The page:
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This week on the Strangely Warmed podcast I speak with Todd Littleton about the readings for Ash Wednesday [Year B] (Joel 2.1-2, 12-17, Psalm 51.1-17, 2 Corinthians 5.20b-6.10, Matthew 6.1-6, 16-20). Todd is the pastor of Snow Hill Baptist Church in Tuttle, Oklahoma and he is the host of the Patheological Podcast. Our conversation covers a range of topics including the day of the Lord, true repentance, weeping in church, hiding in the bushes, prayer in public school, and being forced to act like a Christian. If you would like to listen to the episode or subscribe to the podcast you can do so here: Suffering Envy

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A One Hundred and Fifty-Fold Cord

4 years ago, today, I presided over one of my first weddings, and it was for my sister and my (now) brother-in law. I don’t know if I’ve ever been more nervous leading worship than I was that day (so nervous that I forgot to invite my then fiancé (now wife) to offering one of the scripture readings), but we all made it through to the other side. I am grateful for my sister and her husband, I am grateful they asked me to participate in their holy ceremony, and I am grateful that God has so blessed their marriage. Below is the homily I offered 4 years ago…

1 John 4.9-12

God’s love was revealed among us in this way: God sent his only Son into the world so that we might live through him. In this is love, not that we loved God but that he loved us and sent his Son to be the atoning sacrifice for our sins. Beloved, since God loved us to much, we also ought to love one another. No one has ever seen God; if we love one another, God lives in us, and his love is perfected in us.

Ecclesiastes 4.9-12

Two are better than one, because they have a good reward for their toil. For if they fall, one will lift up the other; but woe to one who is alone and falls and does not have another to help. Again, if two lie together, they keep warm; but how can one keep warm alone? And though one might prevail against another, two will withstand one. A threefold cord is not quickly broken.

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28 years. 28 years ago my parents, JT and Sarah Lynn Mertins, stood in the same position as both of you. Haley, I don’t know if you will remember all of this, but we used to watch their wedding VHS tape when we were growing up. Truly I tell you, it is a miracle that the wedding ceremony happened at all. When we would watch the tape, it appeared as if the cameraman had decided to smother vaseline all over the lens in order to achieve some sort of effect that left the viewers nauseous and confused. As my Aunt Laura made her way up the steps toward the altar she stepped on, and ripped, her dress. My uncle Bill Hanff and a friend stood over by piano the prepared to sing a wonderful rendition of “On the Wings of Love” though the pianist started the song in the wrong key and uncle Bill had to match accordingly. And then there was the hair and the dresses. There must have been enough hair spray in this church to light the whole thing on fire, but somehow, by the grace of God, our mother and father were married on this exact day 28 years ago.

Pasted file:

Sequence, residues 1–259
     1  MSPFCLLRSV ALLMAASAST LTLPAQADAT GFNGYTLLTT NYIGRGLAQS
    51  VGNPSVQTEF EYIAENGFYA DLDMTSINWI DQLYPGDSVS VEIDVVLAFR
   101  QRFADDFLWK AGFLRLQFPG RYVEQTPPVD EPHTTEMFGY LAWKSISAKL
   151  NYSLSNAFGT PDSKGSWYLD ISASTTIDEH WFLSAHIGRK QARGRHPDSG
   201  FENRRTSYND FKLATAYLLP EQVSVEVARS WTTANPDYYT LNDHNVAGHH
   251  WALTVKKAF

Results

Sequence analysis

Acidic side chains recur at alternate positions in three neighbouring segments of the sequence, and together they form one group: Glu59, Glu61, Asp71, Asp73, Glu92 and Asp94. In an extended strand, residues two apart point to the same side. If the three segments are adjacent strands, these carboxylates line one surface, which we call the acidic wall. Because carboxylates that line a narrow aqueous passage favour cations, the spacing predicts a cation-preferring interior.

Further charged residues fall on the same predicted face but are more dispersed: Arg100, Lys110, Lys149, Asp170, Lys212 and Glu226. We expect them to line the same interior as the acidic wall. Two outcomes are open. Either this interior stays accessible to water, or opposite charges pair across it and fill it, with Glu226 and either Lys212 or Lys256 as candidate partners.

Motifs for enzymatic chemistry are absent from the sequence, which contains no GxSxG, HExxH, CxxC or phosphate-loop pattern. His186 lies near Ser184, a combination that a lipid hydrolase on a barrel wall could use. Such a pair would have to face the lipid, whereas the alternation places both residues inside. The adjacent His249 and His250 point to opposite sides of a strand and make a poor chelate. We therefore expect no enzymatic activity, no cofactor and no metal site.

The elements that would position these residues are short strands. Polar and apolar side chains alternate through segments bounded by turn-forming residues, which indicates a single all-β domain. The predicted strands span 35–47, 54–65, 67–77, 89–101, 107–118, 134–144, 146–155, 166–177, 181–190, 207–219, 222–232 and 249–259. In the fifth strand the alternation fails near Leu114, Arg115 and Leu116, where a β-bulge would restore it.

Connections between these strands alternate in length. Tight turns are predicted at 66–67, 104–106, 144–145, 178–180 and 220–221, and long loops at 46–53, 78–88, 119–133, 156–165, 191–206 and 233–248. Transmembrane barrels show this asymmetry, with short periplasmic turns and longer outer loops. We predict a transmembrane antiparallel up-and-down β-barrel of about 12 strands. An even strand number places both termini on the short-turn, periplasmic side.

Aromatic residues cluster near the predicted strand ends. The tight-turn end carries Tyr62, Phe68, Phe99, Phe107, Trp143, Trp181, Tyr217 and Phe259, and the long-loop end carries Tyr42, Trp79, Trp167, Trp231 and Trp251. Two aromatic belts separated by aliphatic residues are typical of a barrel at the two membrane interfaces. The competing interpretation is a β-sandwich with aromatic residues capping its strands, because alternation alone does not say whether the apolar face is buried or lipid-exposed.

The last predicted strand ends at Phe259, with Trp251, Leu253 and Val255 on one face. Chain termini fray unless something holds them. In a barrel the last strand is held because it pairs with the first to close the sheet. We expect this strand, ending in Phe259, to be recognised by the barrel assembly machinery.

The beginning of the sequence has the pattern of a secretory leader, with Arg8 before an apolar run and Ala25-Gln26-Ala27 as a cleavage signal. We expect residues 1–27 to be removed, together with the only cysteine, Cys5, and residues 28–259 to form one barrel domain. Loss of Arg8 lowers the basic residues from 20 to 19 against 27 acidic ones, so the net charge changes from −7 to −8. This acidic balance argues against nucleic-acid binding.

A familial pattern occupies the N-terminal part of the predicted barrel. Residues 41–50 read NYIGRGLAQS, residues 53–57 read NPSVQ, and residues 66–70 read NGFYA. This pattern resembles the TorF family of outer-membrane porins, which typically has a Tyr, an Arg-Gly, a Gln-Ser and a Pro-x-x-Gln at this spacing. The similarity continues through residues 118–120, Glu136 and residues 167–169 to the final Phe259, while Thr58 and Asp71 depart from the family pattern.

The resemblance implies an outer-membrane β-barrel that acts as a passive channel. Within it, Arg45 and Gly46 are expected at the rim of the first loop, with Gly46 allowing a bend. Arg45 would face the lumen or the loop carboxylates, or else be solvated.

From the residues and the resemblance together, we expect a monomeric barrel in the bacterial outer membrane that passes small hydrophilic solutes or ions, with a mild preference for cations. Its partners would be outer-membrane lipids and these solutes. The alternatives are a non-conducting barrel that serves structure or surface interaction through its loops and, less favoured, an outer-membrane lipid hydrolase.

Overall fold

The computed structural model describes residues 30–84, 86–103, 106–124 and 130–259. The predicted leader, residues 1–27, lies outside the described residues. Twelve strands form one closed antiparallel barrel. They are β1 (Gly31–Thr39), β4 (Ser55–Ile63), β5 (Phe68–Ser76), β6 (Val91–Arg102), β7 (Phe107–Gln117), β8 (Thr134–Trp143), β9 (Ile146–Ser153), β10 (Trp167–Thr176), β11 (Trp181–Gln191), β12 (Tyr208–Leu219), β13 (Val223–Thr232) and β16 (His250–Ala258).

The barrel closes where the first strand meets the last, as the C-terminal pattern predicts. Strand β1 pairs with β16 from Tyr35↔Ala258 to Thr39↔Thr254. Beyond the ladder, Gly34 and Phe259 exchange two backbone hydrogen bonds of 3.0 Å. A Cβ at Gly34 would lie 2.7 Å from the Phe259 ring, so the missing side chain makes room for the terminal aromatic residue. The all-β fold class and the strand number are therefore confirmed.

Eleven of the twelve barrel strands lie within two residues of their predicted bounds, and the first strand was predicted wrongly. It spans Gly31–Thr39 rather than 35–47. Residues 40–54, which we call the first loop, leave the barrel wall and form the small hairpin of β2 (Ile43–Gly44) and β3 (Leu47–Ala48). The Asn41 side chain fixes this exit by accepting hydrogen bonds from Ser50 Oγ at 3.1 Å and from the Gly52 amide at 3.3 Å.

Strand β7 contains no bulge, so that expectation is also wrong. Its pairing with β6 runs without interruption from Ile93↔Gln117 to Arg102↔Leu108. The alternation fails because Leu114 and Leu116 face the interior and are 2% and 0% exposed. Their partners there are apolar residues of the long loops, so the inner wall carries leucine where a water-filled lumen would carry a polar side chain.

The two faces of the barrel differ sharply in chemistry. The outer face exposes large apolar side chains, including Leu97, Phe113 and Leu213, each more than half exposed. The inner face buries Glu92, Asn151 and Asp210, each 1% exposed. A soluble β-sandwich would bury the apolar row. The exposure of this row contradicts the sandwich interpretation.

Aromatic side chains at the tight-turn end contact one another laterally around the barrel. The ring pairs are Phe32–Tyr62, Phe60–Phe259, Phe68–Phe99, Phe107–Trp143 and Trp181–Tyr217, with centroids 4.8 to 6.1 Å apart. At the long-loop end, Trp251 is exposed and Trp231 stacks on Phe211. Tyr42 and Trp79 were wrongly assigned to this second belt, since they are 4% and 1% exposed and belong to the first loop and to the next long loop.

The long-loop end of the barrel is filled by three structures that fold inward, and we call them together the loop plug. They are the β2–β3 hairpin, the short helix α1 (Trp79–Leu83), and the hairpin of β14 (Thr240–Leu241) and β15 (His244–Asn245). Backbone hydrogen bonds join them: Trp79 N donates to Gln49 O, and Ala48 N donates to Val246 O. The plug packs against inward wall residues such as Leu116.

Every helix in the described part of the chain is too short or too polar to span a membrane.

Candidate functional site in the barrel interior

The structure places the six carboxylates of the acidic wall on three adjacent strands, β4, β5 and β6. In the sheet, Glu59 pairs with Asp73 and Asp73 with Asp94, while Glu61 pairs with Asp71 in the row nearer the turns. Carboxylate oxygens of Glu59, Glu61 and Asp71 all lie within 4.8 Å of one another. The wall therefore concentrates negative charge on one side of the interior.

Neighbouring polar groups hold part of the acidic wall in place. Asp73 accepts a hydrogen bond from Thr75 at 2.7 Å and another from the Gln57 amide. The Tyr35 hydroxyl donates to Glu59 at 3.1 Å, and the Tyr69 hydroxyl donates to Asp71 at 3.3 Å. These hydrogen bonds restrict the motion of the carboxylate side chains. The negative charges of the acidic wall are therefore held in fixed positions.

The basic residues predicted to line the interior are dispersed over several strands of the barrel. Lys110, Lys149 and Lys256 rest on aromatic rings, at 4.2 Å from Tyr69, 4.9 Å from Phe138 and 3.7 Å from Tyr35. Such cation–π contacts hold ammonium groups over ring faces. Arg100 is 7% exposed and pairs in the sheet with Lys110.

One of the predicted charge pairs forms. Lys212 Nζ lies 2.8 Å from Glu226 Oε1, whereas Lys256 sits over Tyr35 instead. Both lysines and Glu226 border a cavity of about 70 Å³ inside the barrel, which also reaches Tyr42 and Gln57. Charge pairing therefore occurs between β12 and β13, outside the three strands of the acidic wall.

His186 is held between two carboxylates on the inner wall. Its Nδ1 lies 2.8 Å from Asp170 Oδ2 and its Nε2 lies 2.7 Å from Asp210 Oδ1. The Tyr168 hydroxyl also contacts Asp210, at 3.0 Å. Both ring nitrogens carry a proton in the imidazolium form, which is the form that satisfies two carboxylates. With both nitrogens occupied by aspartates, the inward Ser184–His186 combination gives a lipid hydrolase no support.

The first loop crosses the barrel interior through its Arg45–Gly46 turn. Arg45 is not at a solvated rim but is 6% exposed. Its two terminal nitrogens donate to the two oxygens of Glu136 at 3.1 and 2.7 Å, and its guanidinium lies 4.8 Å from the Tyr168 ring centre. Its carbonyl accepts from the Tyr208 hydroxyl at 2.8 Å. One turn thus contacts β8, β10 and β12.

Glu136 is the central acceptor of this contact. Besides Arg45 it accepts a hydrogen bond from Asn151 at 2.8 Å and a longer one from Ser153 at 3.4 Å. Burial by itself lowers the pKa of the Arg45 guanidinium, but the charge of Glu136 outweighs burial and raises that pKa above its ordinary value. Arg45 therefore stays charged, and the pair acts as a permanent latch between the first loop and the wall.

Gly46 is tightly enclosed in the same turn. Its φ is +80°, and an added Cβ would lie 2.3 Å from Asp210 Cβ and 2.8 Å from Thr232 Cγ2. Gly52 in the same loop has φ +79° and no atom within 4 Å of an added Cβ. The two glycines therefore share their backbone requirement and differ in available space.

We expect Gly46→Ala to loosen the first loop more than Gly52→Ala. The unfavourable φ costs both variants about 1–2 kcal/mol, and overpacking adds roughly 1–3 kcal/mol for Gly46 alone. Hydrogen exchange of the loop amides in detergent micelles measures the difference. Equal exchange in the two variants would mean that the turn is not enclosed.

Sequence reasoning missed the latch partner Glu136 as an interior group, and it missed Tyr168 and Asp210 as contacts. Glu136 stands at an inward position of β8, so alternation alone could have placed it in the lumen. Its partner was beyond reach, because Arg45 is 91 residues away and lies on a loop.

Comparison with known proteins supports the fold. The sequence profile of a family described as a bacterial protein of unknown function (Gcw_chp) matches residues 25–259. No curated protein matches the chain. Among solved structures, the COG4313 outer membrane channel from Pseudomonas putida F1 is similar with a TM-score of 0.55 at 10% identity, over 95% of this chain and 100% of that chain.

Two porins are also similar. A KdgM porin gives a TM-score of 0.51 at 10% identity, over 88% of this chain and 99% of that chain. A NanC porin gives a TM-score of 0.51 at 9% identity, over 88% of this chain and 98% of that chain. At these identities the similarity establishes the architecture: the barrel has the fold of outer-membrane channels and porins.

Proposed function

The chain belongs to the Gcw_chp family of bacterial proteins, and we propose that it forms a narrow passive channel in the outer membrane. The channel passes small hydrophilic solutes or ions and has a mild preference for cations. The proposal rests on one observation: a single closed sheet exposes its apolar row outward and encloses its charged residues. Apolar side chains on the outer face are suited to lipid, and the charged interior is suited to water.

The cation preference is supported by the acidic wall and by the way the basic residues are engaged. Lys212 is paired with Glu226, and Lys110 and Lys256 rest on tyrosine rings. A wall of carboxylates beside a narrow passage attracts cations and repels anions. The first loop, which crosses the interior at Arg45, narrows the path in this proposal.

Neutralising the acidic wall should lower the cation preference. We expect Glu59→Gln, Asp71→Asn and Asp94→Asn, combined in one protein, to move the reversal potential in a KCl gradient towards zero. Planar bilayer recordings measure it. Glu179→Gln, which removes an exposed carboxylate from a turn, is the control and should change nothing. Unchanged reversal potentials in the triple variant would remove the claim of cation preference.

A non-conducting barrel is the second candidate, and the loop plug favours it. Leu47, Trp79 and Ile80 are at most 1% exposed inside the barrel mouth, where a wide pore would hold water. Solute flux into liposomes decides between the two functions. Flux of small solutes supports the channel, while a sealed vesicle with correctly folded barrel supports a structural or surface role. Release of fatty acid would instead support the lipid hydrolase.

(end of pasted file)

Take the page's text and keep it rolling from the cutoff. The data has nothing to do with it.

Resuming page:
And here we are now, ready for the two of you to enter into the holy state of matrimony. As I have looked back over the totality of your relationship, and all of the little steps that led you to this altar on this day, I am convinced that I will never marry a couple that I know as well as both of you for the rest of my life. So before I continue I want to show you something.

(Turn around, look out at the sanctuary. Gathered together in this room are the people who have made you, you. Family, friends, both the foolish and the fun, but more importantly, when you look out I hope you see faith. So soak up this view for a moment, you rarely get to see anything as glorious as this)

Faith, the people gathered together today are indicative of the kind of faith-lives that both of you are living. Everyone here has faith in both of you as individuals, and also as the married couple you are about to become. They have been there for you in every aspect of your lives, and today two families are joining together as a testament to the faith that you have in each other. They say a threefold cord in not quickly broken? Well neither is a one hundred and fifty fold cord.

However, for as much as everyone gathered together in this room are responsible for your relationship, no one can take more credit than God.

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When I found out that Matthew was moving to Africa for a year, I knew that the only thing that would be able to sustain your relationship was a resounding faith in the triune God. I know it wasn’t easy. Even with the notebook Matthew left behind, even with the commitment to read through the entire bible while you were apart, even with the advantages of technological communications such as Skype and email, you would not be standing here today unless you had tremendous faith in God, but more importably God has faith in you.

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One of the things that I love most about you two is that, even with all the planning and the suits and dresses and decorations, today will not be the greatest day of your lives. Both of you strive to discover all of the joy in life and share it with one another. You earnestly love the lives that God has given to you, and you hope to share that love with everyone with ears to hear and eyes to see. Thats what it means when we say, “If we love one another, God lives in us.” The two of you have made a commitment to loving one another so that God abides and manifests himself in the world.